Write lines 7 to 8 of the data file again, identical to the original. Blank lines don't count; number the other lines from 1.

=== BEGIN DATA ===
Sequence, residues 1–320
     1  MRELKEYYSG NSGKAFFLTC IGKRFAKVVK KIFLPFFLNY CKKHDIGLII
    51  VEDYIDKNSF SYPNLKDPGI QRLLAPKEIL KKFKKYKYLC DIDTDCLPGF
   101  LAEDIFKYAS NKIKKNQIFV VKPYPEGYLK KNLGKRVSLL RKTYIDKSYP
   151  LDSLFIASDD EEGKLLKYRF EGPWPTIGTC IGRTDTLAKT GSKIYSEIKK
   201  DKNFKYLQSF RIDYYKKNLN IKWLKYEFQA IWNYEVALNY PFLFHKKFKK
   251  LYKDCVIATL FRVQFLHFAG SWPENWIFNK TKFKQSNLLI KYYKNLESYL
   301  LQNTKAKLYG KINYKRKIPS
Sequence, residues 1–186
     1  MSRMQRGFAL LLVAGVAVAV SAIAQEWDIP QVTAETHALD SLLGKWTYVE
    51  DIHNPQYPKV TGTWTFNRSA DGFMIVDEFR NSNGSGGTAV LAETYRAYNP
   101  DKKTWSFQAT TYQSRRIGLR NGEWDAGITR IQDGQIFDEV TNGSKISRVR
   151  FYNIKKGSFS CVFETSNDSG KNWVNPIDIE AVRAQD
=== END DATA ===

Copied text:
   251  LYKDCVIATL FRVQFLHFAG SWPENWIFNK TKFKQSNLLI KYYKNLESYL
   301  LQNTKAKLYG KINYKRKIPS